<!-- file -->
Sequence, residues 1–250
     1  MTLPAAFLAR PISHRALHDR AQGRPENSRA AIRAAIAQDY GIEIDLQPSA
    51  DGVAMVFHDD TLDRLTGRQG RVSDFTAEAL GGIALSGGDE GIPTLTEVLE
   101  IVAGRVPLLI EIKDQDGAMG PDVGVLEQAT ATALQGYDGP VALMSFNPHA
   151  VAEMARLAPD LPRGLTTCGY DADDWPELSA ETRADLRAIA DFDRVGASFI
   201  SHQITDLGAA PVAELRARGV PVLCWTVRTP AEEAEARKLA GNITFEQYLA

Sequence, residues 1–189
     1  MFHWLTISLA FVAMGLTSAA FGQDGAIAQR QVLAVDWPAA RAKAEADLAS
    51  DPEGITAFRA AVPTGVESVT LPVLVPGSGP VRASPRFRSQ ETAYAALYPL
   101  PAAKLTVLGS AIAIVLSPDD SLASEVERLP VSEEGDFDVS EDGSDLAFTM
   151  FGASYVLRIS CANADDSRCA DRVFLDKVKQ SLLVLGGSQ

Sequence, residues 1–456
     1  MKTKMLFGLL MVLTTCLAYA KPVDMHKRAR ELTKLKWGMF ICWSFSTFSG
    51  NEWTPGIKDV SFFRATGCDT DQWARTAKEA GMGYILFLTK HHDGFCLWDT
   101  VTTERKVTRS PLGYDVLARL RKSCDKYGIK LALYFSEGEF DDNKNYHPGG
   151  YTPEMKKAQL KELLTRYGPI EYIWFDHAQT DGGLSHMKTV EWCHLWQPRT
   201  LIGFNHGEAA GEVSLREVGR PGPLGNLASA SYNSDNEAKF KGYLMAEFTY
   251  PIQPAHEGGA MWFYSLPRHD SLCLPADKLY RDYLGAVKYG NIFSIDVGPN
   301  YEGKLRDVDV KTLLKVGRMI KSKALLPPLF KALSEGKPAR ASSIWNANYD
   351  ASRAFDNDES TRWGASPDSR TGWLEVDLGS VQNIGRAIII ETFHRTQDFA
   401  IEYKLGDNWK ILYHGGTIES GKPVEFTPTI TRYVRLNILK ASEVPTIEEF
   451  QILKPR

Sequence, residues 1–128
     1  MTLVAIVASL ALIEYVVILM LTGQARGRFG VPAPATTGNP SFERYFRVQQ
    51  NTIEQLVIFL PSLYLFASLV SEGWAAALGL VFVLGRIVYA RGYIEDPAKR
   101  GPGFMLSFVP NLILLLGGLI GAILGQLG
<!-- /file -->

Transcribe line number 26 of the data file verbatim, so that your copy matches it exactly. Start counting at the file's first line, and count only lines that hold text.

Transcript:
   101  GPGFMLSFVP NLILLLGGLI GAILGQLG